projects and writings of T.A. Burkholder
Work your way past the brightly lit pool tables and sports-filled TVs of The Rialto and go down into the basement, into The Jack London Bar. It’s better down there. It’s very dark and kind of cozy and the bartender is nice. I discovered this on Tuesday when I went there to attend the Unchaste Reading Series for the first time.
I got a drink and took a seat on an empty couch in the back of the room. As I looked around, I laughed. There were five of us there, us unaccompanied women, hiding with our cocktails, fiddling with our phones or computers or notebooks. Then there were six, seven. We collected back there like moths attracted to darkness instead of light. This made me very, very happy. I instantly became enamored with the event simply for creating a space where this phenomenon could happen and not feel weird.
I was just about to push myself up out of the broken-down couch to ask if I could join the woman in front of me — a fellow shy, bookish scribbler — when another solo woman swept in and asked if she could join me on the couch. Sure, I said. And instead of drinking my bourbon ginger too fast or running off to the bathroom, I stayed and chatted. My new friend and I talked a bit about writing, talked briefly to the creator and host of the evening, Jenny Forrester, who told us she’d been doing the series for two years now. I joined this woman when she moved to a better seat next to some of her friends that had just arrived. Then I sat back, listened to some wonderful readers, and absorbed the kind, generous, creative atmosphere.
Buoyed by that feeling, I admitted to a friend I found in the crowd, that I wanted to do more readings but didn’t know how to get involved. I’ve always been shy of admitting this so directly. A ridiculous part of me felt admitting such a thing was like confessing I was needy and craved attention. To be invited to read, fine. To want to read, well, that’s just vulgar.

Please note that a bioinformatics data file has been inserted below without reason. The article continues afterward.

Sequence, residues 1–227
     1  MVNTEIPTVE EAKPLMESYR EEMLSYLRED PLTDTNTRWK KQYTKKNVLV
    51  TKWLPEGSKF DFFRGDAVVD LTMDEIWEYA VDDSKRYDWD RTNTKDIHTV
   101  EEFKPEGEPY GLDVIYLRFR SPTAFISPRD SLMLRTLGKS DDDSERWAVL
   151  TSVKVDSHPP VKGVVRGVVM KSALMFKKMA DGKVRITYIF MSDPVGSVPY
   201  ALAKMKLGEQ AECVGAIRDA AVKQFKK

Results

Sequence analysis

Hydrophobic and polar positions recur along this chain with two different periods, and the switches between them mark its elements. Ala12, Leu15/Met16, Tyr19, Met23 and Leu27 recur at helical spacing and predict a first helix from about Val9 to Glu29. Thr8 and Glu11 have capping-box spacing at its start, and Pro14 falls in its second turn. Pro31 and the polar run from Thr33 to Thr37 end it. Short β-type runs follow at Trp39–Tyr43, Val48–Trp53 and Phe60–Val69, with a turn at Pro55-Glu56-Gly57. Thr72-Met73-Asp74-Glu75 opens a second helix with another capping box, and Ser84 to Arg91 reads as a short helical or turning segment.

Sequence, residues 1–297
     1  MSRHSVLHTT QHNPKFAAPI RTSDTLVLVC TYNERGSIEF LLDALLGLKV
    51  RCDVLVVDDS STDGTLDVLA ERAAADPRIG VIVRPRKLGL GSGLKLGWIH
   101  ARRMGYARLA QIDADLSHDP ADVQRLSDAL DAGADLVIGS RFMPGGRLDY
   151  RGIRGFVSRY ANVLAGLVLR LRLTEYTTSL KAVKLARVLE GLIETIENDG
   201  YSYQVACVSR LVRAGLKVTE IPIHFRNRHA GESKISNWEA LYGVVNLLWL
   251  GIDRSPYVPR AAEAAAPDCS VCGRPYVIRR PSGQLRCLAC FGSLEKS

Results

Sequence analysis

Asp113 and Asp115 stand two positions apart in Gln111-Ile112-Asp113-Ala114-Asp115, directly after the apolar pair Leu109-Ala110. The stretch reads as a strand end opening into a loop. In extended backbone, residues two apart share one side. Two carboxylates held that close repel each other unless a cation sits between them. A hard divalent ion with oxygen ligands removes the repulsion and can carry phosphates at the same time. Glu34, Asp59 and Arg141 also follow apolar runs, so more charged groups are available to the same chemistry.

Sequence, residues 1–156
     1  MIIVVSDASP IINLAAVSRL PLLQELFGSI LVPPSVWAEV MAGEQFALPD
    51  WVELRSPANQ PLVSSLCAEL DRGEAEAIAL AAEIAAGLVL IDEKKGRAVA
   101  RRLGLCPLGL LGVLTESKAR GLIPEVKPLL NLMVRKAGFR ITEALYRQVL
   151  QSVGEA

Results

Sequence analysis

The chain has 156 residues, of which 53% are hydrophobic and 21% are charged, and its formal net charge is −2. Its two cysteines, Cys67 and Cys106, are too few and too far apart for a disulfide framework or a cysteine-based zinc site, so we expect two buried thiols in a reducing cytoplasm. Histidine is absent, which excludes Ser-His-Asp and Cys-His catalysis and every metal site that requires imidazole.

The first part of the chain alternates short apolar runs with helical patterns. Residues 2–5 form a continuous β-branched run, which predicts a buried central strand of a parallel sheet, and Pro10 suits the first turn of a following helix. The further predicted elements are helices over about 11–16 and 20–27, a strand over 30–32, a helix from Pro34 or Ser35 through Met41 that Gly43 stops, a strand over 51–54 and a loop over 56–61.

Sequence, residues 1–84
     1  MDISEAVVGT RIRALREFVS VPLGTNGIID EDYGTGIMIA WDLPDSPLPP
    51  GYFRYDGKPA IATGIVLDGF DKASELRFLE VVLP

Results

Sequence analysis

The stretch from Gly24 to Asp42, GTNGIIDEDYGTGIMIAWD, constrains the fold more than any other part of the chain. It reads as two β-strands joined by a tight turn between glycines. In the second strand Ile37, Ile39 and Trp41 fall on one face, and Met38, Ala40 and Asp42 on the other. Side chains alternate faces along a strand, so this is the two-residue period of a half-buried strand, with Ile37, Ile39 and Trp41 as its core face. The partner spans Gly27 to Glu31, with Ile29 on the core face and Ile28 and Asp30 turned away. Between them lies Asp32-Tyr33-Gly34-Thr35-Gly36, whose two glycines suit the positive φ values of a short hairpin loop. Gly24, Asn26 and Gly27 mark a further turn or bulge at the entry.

But the reading series is called Unchaste. And haven’t I been writing mostly about sex for the last couple of years (that is when I sit my ass down and write something besides blog posts)? And isn’t being unchaste about being transgressive? So go ahead and want. Want to have a room full of people listening to my words. Want to have those eyes on me. Want, like everyone wants, to be seen and heard. What the hell is wrong with that?
As Leslie Jameson wrote in The Empathy Exams: “A cry for attention is positioned as the ultimate crime, clutching or trivial –as if ‘attention’ were inherently a selfish thing to want. But isn’t wanting attention one of the most fundamental traits of being human — and isn’t granting it one of the most important gifts we can ever give?”
End result: Jenny Forrester put me on the “long beautiful list” of future readers. I’ll happily take my place among them.